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Unit 13 Review | The Dirty Dozen Plus You

Brendan Griffiths
Games reviews, PS Vita games, Sony, TPS games, Unit 13, Zipper Interactive

Unit 13 Review | The Dirty Dozen Plus You

Platform: PS Vita

Developer: Zipper Interactive

Publisher: Sony

Third-person shooters were something to be avoided on the PSP, but thanks to the Vita’s second analogue stick we can now safely embrace the genre on a handheld device. Unit 13 comes from Zipper Interactive, the team behind the Socom games, most recently the impressive Socom: Special Forces, so there’s potential here.

Despite Zipper’s last game having a decent plot, this game is very much business only and broken up into individual missions with no story at all. Essentially, you pick one specialist from the unit and get dropped into a level to kill terrorists, kill leaders, kill intel, I mean pick up intel and diffuse bombs. Standard 9-5 counter-terrorism.

Unit 13 Review | The Dirty Dozen Plus You

Stages vary in length and will often have different parameters affecting difficulty. Some won’t have checkpoints (will cause rage) and no regenerating health and others will have a time limit. Thankfully there are more relaxed ones with checkpoints and regenerating health.

Unit 13 features a scoring system, but as long as you complete your objectives you’ll unlock the next stage. Headshots, regular kills, bomb disposal, sub-tasks and other factors all give you points that build up a multiplier. Forget any crazy combos from the likes of Tony Hawk’s or more specifically, The Club. These multipliers are very low and scoring well almost seems optional. End of mission bonuses are sometimes a bit unbalanced as you might be called “slow and sloppy” despite maxing out the time bonus. Sometimes I’d blunder my way through a level, setting off alarms and getting into lengthy fire fights and then get a five star rating, then do a similar mission faster and silently and get three stars. Go figure.

Chances are you’ve already played Uncharted: Golden Abyss if you have a Vita and I’m surprised to say I think it handles much better as a shooter. That’s because of Uncharted’s neat feature that lets you tweak your aim by gently moving the Vita, which was great for headshots. Unit 13 relies solely on the analogue for aiming and it’s generally fine, but after playing Uncharted, I want motion tweaking in every Vita TPS.

Unit 13 Review | The Dirty Dozen Plus You

Headshots don’t always register properly either despite the massive blood burst. A recent patch improved this, but it still needs work. It’s such an issue because aiming at anything other than the head is useless. Body shots don’t slow enemies down and they take forever to drop which makes a mockery of blind fire and causes a lot of problems with close-quarters gunfights as aiming at nearby enemies is a nightmare with anything except a shotgun.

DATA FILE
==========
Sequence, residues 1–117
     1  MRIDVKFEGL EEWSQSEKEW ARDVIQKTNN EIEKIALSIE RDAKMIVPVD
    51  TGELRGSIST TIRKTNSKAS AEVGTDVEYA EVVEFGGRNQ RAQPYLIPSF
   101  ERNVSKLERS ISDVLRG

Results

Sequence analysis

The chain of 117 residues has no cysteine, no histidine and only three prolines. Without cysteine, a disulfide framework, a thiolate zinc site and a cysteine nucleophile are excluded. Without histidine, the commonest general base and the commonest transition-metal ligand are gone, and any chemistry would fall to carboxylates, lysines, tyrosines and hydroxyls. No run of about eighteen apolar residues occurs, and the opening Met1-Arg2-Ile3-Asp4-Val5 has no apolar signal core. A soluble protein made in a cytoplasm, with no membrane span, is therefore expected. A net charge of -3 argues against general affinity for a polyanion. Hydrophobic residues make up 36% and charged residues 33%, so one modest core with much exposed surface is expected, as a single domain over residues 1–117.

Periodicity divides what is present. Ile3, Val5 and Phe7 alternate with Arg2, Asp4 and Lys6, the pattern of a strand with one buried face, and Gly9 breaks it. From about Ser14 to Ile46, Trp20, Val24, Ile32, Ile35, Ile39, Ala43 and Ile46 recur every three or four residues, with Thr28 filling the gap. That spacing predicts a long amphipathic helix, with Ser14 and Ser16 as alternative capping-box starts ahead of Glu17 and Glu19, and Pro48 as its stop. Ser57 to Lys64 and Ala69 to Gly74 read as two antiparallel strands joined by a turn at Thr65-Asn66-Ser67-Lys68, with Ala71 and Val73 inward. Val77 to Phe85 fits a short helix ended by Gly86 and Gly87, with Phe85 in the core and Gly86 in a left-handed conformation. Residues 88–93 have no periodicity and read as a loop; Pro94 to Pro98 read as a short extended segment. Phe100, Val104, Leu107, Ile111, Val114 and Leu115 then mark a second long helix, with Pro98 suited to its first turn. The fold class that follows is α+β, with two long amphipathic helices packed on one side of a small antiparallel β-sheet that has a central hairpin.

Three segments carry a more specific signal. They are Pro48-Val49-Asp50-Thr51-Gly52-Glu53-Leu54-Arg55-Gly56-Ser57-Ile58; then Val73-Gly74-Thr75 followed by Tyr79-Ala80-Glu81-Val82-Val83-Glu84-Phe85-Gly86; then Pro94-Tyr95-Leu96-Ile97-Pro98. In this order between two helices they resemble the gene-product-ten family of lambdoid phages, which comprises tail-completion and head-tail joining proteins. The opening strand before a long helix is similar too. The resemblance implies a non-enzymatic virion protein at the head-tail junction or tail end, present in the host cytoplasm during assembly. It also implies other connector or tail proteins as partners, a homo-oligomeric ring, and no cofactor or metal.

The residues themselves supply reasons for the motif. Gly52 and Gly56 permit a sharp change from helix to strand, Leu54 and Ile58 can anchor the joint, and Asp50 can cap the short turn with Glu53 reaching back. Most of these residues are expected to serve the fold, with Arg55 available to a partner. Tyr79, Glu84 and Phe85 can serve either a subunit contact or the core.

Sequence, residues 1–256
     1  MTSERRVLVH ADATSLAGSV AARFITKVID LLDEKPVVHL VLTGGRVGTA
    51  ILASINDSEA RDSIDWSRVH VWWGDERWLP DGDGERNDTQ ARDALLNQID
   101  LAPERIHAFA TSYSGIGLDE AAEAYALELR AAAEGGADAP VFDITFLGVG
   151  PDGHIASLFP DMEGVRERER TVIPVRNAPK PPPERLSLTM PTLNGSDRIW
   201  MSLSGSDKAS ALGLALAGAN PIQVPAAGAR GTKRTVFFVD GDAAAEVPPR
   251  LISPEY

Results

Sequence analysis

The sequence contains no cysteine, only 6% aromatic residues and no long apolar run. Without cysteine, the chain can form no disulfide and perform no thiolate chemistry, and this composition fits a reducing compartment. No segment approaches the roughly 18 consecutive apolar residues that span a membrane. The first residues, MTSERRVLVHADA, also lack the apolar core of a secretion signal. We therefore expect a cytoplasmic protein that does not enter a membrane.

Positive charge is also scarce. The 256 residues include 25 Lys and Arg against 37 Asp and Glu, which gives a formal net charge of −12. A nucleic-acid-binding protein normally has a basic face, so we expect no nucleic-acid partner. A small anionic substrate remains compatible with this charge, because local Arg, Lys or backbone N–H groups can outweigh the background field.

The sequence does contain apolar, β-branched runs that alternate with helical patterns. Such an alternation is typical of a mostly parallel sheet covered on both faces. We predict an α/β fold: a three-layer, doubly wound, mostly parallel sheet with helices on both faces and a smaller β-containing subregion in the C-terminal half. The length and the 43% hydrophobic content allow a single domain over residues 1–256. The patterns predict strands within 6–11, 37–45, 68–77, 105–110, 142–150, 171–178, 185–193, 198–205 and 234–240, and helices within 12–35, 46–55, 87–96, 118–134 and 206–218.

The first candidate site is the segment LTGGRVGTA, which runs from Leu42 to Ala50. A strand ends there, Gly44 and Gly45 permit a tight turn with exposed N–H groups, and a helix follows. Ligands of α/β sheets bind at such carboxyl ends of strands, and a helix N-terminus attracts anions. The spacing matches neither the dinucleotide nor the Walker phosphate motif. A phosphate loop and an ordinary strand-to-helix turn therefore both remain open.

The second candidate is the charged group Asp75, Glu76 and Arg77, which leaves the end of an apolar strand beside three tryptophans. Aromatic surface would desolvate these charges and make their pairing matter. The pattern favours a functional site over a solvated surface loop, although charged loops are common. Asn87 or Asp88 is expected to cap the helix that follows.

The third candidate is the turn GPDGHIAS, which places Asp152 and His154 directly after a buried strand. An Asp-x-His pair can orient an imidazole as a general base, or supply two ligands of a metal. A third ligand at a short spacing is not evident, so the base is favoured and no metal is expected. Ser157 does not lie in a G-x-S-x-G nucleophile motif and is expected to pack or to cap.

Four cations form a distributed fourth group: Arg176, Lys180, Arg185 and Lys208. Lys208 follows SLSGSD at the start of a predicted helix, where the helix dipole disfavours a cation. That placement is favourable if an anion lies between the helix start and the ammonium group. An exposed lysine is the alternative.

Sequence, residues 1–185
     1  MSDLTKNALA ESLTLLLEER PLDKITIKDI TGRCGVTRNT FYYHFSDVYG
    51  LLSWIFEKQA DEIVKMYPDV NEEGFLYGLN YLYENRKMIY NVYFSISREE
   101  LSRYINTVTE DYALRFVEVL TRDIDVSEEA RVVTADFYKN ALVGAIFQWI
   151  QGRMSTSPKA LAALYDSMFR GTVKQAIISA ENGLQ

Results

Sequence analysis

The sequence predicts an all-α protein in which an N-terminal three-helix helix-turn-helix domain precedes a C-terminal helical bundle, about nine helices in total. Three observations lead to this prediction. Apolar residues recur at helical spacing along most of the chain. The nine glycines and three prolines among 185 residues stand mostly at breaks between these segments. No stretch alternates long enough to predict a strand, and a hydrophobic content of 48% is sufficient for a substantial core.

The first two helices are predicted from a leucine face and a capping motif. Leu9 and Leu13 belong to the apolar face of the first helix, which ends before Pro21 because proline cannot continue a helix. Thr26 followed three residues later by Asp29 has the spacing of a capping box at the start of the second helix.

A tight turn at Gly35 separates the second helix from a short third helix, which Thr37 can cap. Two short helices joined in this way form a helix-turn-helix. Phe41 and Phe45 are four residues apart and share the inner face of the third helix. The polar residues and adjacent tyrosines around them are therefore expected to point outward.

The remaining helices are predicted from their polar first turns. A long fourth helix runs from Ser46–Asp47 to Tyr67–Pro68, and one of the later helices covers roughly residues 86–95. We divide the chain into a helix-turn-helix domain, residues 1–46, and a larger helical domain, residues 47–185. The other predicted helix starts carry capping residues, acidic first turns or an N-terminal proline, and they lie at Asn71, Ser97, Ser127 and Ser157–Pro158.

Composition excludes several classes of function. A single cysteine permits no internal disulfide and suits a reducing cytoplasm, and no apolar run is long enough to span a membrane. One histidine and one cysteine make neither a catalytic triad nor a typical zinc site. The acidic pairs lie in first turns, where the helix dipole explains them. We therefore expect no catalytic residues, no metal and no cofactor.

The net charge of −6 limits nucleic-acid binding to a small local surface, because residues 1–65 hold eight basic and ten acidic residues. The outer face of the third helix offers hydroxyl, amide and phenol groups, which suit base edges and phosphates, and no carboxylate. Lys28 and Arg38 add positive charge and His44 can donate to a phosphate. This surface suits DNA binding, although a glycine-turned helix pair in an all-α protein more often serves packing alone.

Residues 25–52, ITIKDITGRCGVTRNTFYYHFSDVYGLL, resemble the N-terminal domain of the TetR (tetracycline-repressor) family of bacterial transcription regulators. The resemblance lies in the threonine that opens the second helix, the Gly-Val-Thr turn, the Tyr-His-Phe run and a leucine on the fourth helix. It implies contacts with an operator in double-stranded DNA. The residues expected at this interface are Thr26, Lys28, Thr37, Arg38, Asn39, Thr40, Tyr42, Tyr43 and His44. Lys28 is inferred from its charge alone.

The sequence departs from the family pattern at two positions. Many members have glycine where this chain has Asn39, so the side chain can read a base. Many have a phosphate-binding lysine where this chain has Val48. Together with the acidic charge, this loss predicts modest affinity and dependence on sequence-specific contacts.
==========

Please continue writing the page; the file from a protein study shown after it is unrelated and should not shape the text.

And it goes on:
The cover-system is good at a distance, but the lack of a specific melee strike from corner-cover is a terrible omission that will get you killed plenty of times as you clumsily stagger from cover bashing square for a regular melee strike.

Each mission has a recommend specialist covering heavy fire, stealth, explosives and so on. You can opt for your own choice though which is good to see. Completing missions earns experience to level up individual specialists, unlocking better weapon and gear as you go, so you might find yourself just using one or two soldiers so you can level up quicker. There’s a good selection on offer and the benefits are noticeable as you progress.

Unit 13 Review | The Dirty Dozen Plus You

Thankfully everyone has a silenced pistol, which I generally found to be the best weapon to avoid getting swarmed by guards. Well, until one of the headshots decides it missed and the guard raises the alarm despite the fact you’ve just decorated the wall with his brains.

The level design is very familiar with lots of middle-eastern towns, hangers, warehouses and all the other miserable tropes we’ve come to expect from the genre. After the lush environments of the last Socom game it’s very boring. Too many locations are recycled too. While I wouldn’t go as far to say that the game feels rushed, there’s certainly an abundance of ‘meh, that’ll do.’

The aforementioned scores for each mission are uploaded to leaderboards on local, friends and global levels which works well as an incentive to improve and keep playing. Daily Challenges create a one-off scenario where you get one attempt to put a score on the global leaderboard. There are co-op missions available too, but at the pre-release time of writing I couldn’t find any matches.

Unit 13 Review | The Dirty Dozen Plus You

I experienced more than my fair share of game crashes during my time with Unit 13, requiring a hard reset (hold the Vita’s power button for 20 seconds). This usually came up when attempting Daily Challenges or entering the Co-Op lobbies. Fingers crossed this will be fixed soon.


  • A good start for the TPS genre on the Vita
  • Lots of missions
  • Score chasing enhances replayability


  • Headshots don’t always register
  • Level design lacks ambition and then recycles locations
  • Unfixed crashes at time of writing

The Short Version: A few bugs and lack of checkpoints for tougher missions aside, Unit 13 is a very enjoyable shooter. Daily Challenges, chasing your friends’ scores and co-op options should make it last a while too. It lacks polish, but for brief shootouts on the go it warrants a look.

Unit 13 Review | The Dirty Dozen Plus You

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